British Prime Minister Harold Wilson once remarked that a week is a long time in politics. Indeed. And three months can be an eternity. On December 1st last Brian Cowen’s government seemed on the ropes. The recession was biting savagely, negotiations on cost cutting with the public sector unions had ended in fiasco and a savage, benefit and wage slashing budget had become inevitable. Fianna Fail was in the doldrums in the opinion polls, trailing its chief rival, Fine Gael, by a wide margin.
Three months later, the scene looks different. The budget was successfully navigated. There may be disruption ahead in the public sector, still smarting over the pay cuts, but the issue does not appear to have caught fire. There has been only muted reaction from those affected by the welfare cuts. Overall the public mood has been one of relief that the draconian budget proved less so than feared.  There are some signs of economic recovery, though the signals are mixed. International opinion, deeply sceptical beforehand that the government would take the necessary measures, has been fulsome in its praise. The cost of borrowing (for it has not stopped – but continues at $400 million per week) to keep the country afloat has even reduced slightly.
Ireland is now something of a darling of the international economic press. There are no more analogies with Iceland. The new EU bad boy is Greece, where a new government discovered its predecessor had been economical with the truth where the public finances were concerned. Suddenly there are fears for the stability of the Euro, with the participating countries (which do not include Britain) now divided into two – those who practice economic and financial prudence and those who do not, but run huge fiscal deficits. Ireland currently occupies a grey area in the middle; having fallen from grace we appear to be bouncing back up, thanks to the government’s firm actions. Some commentators have even begun to replace Ireland with Italy in the “PIGS” group alongside Portugal, Greece and Spain (“PIGS” was the unflattering acronym used in Brussels to identify the four “poorer” countries receiving special subsidies from the EU before the – much poorer – Central Europeans were admitted. It stuck in the Euro era to identify the fiscally weaker members).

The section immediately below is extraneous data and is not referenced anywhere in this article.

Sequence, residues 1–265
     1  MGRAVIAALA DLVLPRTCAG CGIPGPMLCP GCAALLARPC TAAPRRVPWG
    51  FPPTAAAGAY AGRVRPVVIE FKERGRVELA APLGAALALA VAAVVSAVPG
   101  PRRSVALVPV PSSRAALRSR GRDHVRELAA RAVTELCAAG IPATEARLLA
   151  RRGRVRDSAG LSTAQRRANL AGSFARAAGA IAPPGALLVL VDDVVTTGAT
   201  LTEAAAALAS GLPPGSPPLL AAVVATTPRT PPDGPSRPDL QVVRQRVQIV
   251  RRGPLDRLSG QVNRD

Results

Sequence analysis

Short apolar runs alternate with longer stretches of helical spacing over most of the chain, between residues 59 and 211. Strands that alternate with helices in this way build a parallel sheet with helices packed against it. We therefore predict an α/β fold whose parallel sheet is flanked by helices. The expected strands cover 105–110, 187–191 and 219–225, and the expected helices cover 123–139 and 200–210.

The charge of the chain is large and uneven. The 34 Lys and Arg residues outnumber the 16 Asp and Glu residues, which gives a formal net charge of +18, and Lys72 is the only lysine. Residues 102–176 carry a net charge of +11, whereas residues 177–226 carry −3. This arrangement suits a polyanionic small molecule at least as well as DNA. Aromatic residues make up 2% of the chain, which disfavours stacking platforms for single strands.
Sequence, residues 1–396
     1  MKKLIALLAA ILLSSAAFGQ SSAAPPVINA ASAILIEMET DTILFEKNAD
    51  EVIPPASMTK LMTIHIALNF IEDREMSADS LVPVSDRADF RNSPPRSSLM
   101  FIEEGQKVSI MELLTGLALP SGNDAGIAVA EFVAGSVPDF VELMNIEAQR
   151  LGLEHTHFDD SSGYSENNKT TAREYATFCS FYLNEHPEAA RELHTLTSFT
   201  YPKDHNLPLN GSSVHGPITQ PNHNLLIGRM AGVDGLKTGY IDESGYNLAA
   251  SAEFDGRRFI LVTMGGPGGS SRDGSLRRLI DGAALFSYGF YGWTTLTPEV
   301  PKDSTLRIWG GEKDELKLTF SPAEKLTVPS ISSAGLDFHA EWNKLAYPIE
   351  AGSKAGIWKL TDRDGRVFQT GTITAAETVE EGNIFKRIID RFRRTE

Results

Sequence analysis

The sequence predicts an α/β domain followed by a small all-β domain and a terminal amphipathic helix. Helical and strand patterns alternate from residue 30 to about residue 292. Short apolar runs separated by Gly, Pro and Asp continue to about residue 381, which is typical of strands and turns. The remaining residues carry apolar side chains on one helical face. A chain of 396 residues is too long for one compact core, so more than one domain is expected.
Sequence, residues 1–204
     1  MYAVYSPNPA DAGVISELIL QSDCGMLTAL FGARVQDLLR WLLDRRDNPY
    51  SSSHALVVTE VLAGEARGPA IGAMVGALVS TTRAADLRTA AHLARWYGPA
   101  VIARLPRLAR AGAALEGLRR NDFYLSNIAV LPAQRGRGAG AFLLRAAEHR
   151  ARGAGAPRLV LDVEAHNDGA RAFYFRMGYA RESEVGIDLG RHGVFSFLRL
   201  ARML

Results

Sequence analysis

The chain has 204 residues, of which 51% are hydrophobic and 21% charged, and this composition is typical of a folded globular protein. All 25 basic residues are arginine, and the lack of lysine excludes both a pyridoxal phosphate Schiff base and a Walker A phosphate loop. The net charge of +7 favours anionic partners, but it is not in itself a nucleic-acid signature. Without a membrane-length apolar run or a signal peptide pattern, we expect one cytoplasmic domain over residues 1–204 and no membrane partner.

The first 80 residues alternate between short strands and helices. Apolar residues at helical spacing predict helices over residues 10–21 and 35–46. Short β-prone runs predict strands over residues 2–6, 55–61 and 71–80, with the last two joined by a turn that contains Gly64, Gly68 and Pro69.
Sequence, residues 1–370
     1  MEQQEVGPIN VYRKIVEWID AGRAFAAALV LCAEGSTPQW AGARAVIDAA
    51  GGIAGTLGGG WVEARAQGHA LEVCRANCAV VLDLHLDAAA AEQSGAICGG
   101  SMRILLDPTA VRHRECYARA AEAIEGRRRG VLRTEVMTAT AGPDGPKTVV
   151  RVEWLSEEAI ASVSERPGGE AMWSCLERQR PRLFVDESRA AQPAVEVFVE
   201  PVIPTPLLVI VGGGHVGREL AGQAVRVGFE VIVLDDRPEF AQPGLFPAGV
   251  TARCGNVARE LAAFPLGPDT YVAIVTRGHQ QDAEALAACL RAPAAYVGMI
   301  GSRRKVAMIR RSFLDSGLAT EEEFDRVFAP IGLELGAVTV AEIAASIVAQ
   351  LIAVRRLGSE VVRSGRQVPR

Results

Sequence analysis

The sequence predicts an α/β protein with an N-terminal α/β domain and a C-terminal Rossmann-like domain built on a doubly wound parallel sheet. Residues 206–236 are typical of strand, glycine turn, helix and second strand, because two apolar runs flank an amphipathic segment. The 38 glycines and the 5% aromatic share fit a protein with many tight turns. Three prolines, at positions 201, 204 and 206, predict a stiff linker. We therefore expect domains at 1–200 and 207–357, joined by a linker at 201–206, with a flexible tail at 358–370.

These are still early days. The immediate concern when the Greek crisis broke was to cobble together a short term solution to head off any possible domino effect were Greece to default on an early maturing $30 billion debt, threatening next up Portugal and Spain. Any lasting solution to the Eurozone’s problems will probably feature the major paymaster, Germany – which will have to do most of any necessary bailing out – exerting some control over other Eurozone members’ budgets. Watch this space.
Domestically, also, things may be looking up politically for the government. Last year’s by-election and local election losses and the depths to which Fianna Fail slumped in the polls (trailing Labour at one point) represented the nadir. Since then there has been some recovery but the party has continued to languish far behind Fine Gael in popular support. However, even allowing for an expected upturn in support after mid-term disaffection, and even possible brownie points for acting tough, the odds have been squarely on a change of government at the next election (which must take place by June 2012 ). The electorate continues to place the political blame for the economic collapse firmly on the government and on Fianna Fail in particular. The coalition partner, the Greens, which was decimated in the local elections, has stuck with Fianna Fail on the Benjamin Franklin maxim that if they don’t hang together, they’ll hang separately.
The scenery changed in the second week in February with the departure from active politics of the high profile Fine Gael TD, George Lee.  Lee, the former economic correspondent for the national broadcaster RTE, was elected to the Dail in a by-election only last June, gaining a whopping 53% of the vote. His declared aim was to do something about Ireland’s dreadful economic situation. His resignation, from both his seat and his membership of Fine Gael, after just 8 months has been accompanied by ill feeling and recrimination. Lee declared he was quitting through frustration at his inability to achieve anything and at his treatment at the hands of Fine Gael, which had ignored or sidelined his talents and expertise. Fine Gael’s reaction has been a circling of the wagons and closing of the ranks behind leader Enda Kenny. They, and many neutral observers from the media, have focussed on the shortness of the period allowed by Lee to make an impact, and the opportunities on offer to him, which were his to develop. Some have asked what, in any event, he could have hoped to achieve in the short term by joining the opposition.